There are simple steps that the government could and should be taking now to improve the OIC portal
Those without a vested interest may have missed the second batch of quarterly data relating to the Official Injury Claim (OIC) portal, which was released by the Ministry of Justice (MoJ) last month.
Like the 68-page user guide that accompanies it—summed up perfectly by one commentator as “legal treacle”—it is still far from clear whether the system has been a success.
But with nine in every 10 claimants still seeking representation to help them navigate the portal—supposedly designed so that they wouldn’t need help—indications after six months are that the answer is still a resounding no.
While it’s early days, that doesn’t mean the government can avoid all questions on the issue. Below are five reasons why the DIY approach isn’t working, and why action is needed now.
Just one in 10 users choose to represent themselves, which was supposed to be the purpose of the portal
Six months on and even fewer claimants are choosing to go it alone, with just 9% of unrepresented portal users—or litigants in person (LiP)—in the second quarter compared to 10% in the first.
There were fears that claims management companies (CMCs) would swoop in to clear up the low value cases that many law firms were no longer willing to accept, but this appears to be unfounded, with CMCs accounting for just 0.02% of claims.
Instead, law firms and alternative business structures (ABSs) are picking up the majority. Without a detailed breakdown, however, it is difficult to know exactly where they’re coming from and how many are coming from insurer-backed businesses, which, if this were the case, may raise concerns that claimants aren’t being properly advised.
People may not understand how damages are calculated under the new rules
Four in 10 (40%) of unrepresented claimants are still seeking an uplift in damages, a significant figure that hasn’t dropped from the first quarter.
Uplifts are given to those who can prove exceptional injury or circumstances, or both. And either there are a lot of out-of-the-ordinary accidents, or some portal users don’t understand the new system.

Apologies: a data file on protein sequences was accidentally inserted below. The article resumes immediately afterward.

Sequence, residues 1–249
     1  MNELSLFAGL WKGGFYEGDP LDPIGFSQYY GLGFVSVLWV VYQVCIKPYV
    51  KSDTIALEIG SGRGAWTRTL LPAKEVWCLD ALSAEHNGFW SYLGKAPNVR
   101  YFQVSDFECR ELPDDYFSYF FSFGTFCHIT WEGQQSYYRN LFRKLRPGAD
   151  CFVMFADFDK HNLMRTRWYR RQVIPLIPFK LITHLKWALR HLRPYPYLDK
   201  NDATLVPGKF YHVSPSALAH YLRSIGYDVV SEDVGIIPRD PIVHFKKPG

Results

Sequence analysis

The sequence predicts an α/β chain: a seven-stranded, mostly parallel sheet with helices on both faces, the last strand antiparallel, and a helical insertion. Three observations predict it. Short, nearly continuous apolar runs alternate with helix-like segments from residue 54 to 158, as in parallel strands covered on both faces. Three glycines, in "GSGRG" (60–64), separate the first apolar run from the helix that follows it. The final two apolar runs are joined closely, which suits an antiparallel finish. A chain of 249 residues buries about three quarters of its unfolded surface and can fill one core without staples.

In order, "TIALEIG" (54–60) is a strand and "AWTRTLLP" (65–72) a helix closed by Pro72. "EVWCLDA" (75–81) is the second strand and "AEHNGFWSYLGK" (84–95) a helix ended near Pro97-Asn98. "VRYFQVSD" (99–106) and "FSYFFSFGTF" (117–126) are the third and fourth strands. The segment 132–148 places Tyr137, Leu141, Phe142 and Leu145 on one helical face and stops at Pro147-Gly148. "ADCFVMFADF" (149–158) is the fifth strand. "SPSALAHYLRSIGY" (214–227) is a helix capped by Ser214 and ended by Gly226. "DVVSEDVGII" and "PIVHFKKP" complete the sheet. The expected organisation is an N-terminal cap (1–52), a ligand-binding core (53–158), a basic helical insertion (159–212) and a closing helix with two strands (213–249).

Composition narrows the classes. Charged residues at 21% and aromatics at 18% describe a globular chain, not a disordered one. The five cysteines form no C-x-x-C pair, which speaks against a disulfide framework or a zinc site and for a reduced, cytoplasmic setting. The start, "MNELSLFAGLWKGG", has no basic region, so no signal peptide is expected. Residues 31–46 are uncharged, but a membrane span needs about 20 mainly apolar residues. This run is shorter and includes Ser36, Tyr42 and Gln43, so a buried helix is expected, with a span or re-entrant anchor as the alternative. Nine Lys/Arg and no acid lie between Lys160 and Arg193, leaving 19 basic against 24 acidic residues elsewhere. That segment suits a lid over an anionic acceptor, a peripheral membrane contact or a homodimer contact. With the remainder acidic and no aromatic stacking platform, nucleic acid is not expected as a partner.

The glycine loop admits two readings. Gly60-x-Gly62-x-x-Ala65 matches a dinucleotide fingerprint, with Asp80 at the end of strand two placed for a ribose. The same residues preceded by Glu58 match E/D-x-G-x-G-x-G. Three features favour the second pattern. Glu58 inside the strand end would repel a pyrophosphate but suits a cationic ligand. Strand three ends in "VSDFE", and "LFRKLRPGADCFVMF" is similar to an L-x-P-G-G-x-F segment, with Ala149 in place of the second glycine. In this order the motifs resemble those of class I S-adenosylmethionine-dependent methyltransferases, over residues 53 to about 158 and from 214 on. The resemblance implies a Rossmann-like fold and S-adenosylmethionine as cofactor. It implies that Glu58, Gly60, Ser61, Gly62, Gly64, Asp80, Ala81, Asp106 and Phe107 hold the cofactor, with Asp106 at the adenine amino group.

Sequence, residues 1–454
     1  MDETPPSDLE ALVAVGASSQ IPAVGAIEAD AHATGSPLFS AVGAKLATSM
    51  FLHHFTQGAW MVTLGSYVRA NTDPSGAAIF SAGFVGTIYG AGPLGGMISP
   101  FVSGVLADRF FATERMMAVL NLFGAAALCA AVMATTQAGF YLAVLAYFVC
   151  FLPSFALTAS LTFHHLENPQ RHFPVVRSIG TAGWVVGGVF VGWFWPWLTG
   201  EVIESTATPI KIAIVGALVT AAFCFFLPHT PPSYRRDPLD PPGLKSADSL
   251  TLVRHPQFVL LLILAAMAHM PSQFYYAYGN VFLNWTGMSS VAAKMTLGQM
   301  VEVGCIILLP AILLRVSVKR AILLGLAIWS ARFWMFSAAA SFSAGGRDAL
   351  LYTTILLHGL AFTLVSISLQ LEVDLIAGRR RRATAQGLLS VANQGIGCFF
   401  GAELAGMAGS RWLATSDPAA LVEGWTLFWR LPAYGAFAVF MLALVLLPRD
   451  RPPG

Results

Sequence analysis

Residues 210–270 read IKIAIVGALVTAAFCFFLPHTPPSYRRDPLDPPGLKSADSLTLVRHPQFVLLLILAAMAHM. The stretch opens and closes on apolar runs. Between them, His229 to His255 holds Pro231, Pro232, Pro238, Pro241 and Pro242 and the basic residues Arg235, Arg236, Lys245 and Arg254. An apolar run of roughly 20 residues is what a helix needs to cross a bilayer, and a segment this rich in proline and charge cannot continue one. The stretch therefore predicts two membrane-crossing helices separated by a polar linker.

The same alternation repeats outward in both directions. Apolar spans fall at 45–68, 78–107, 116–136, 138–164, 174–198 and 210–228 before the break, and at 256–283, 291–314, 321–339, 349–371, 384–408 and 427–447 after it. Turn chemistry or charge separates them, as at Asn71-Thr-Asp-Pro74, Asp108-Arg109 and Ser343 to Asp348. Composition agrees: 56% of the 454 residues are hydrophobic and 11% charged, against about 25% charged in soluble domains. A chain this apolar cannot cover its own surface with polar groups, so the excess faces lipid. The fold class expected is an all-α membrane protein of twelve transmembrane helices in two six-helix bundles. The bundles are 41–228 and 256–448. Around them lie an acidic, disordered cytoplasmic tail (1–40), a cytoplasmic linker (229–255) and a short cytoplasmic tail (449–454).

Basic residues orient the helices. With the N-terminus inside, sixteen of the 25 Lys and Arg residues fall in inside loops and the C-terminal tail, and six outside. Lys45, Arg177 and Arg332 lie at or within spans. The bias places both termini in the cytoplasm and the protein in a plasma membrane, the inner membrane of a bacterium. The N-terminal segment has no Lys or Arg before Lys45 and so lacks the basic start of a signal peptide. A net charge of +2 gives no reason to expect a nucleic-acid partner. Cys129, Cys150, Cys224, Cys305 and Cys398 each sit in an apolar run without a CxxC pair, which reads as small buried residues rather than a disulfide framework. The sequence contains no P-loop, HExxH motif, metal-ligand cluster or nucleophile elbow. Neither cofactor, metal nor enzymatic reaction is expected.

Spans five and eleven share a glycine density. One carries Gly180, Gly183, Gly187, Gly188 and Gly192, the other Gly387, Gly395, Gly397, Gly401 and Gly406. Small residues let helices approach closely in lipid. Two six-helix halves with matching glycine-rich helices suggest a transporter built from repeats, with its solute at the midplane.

Why so many claims exit the portal is still unclear
Claims may start off in the portal, but they don’t always make it to the end. Since its launch, more than 7,000 claims have exited the portal prior to a decision being made, although the reasons for this are unclear.
While many are removed by the compensator—for example, if there are complex issues, allegations of fraud or it is believed that the claim merits higher damages—others are merely marked as ‘withdrawn’.
Could it be that LiPs decide it’s not worth the hassle or simply don’t understand the process? It’s also interesting to note that 7% of the unrepresented claimants who did drop out only did so to enlist professional help.
Calls to the portal support centre are up
The OIC service includes a portal support centre, a fully staffed helpline to assist people using the system, and calls for help from LiPs are on the up, indicating that the portal is too difficult to navigate without support and assistance.
Unrepresented claimants made up 50% of enquiries received by the centre in the first quarter, but 75% during the second. And with such an increase in LiP enquires at a time when there is actually a slight decrease in the number of new LiPs using the portal, it seems reasonable to conclude that even those who successfully manage to submit a claim on the system subsequently end up calling the support centre as their claim is being progressed.
Concerns that the portal isn’t user-friendly—and that motorists may not know it even exists—have been ignored
Responding to criticism that the launch of the portal had not been publicised effectively, the MoJ said it was critical that claimants had quick visibility and access to the portal and suggested this was under review. Nothing appears to have changed, however, and even if people make it that far, they then have the 68-page user guide to wade through. Described by commentators as both “hopelessly complicated” and “legal treacle”, no moves have been made to make it any easier for users to understand.
I don’t think we will get a true picture of the portal’s success or failure without a full year of data, but there are simple steps that the government could and should be taking now.
Publicise the portal properly and give people a manual you don’t need a week to read. Give them the tools and this whole project, rather than putting off genuine claimants from seeking damages, might actually start to work the way the government says it was intended.